Coming from a musical family, Paige was naturally drawn to the vibrational forces of the audio realm - recently becoming more and more interested in the storytelling of the manu of Aotearoa. As the original sonic storytellers, they carry the language of her tūpuna and maintain the foundational sonic principles which we use in modern music and sound design today. 

Nau mai haere mai Delilah Pārore Southon - Te Roroa, Ngāti Tuwharetoa, Ngāti Kurauia, Ngāti Pukenga

Delilah is a Tāmaki Mākaurau based writer, creative producer, publicist, and visual artist. She has contributed articles, essays and feature stories to leading culture publications across Aotearoa and internationally. Delilah is also the Partnerships Manager at Pantograph Punch, and Co-Director of independent publisher, Kahukura Books.

Her writing craft is deeply rooted in the mysticism, exploration of intergenerational relationships, and wairua within Te Aō Māori.  A natural networker, collaborator and aunty type, Delilah stands strong in both Te Aō Māori and Te Aō Pakeha — she uses her skill set for meaningful and impactful creative solutions, and deep storytelling experiences. Her desire and vision is to combine her innovative, idealistic thinking and bring it into practical reality — to reach the very heights of the ever-changing world for her people. Delilah is tūpuna led and creating pathways to assist in the development of the Wāhine Toa narrative, and connect tamariki with their whakapapa through storytelling — her personal mission is to bring Māori voices to the forefront, and keep stories and tikanga from Tūpuna, Kaumatua, and Kuia alive and on record for future generations.

Nau mai haere mai Louie Zalk-Neale - Ngai Te Rangi

Louie embraces the power of body adornment to affirm their takatāpuitanga in a range of artistic practices. They recycle fabrics and wield materials from forests, beaches and gutters to add meticulously crafted extensions to their body. They immerse their audience in ritualistic performances, bringing queer visions of the past and future abruptly into the present moment. In recent explorations, their mātauranga Māori informed practice of twisting taura tī kōuka (cabbage tree fibre rope) attempts to bind the sacred transgender experience with the transformative powers of taniwha and tipua - spiritual beings from pūrakau Māori that can change gender and form. Louie’s mahi toi reinforces that queerness is an intrinsic quality of any natural and cultural system.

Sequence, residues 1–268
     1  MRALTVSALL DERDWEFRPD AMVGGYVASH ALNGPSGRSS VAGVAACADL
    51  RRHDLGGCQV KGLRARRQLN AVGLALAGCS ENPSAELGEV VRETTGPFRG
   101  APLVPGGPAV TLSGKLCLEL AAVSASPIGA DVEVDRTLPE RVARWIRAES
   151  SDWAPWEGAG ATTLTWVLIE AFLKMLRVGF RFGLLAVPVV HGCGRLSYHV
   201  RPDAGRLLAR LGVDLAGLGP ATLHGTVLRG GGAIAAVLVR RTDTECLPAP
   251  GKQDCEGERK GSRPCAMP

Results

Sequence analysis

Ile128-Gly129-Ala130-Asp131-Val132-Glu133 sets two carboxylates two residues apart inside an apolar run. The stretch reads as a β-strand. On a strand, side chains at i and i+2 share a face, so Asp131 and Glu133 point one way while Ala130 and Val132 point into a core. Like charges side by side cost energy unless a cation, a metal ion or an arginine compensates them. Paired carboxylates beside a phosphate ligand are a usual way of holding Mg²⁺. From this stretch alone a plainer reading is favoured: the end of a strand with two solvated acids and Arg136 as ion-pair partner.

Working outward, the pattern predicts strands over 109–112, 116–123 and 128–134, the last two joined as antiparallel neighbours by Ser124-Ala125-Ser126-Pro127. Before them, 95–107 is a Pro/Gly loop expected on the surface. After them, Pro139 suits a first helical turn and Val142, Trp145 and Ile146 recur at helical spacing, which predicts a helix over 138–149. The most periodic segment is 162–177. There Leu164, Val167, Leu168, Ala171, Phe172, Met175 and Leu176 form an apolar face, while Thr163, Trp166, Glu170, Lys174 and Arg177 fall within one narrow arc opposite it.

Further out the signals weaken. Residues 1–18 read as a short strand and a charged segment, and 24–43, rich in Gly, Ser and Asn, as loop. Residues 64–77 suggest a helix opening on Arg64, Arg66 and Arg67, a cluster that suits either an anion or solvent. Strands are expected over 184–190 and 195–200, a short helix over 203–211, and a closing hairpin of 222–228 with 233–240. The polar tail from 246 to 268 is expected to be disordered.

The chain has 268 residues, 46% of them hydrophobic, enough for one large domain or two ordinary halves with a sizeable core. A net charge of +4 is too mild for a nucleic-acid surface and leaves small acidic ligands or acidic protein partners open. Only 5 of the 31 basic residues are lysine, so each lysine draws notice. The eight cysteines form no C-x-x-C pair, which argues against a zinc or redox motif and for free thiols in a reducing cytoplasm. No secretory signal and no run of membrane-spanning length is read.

Their work has been presented with: Oberhausen Short Film Festival (Germany), Toi Matarau (Ōtaki), Enjoy (Pōneke), Blue Oyster (Ōtepoti), CIRCUIT (Pōneke, Ōtautahi, Germany), Artspace Aotearoa (Tāmaki Makaurau), Shared Lines (Kaikōura, Japan, Pōneke), Critical Costume Conference (Norway), Performance Art Week Aotearoa (Pōneke), Greenhouse Berlin (Germany).

Nau mai haere mai Stevie Greeks - Ngāti Whātua Te Uri O Hau, Ngāpuhi, Ngāti Kahungungu

Stevie is a Pōneke based Marketing and Communications specialist, and an emerging writer. Currently she is providing her communications expertise professionally to Ngā Hua Toi, Kia Mau Festival and BATS Theatre. Stevie graduated with a Master's of Creative Writing and a Bachelor's of Communication majoring in expressive arts. Stevie has reconnected with her creative practice throughout the pandemic and has begun writing regularly and seeking out more opportunities in this space. She is a member of Maranga Mai the wāhine Māori & Pasifika writers collective, under the writers festival Breaking Ground. She has been involved in writers rooms and has also been commissioned to write a Monologue for TAHI Festival 2022.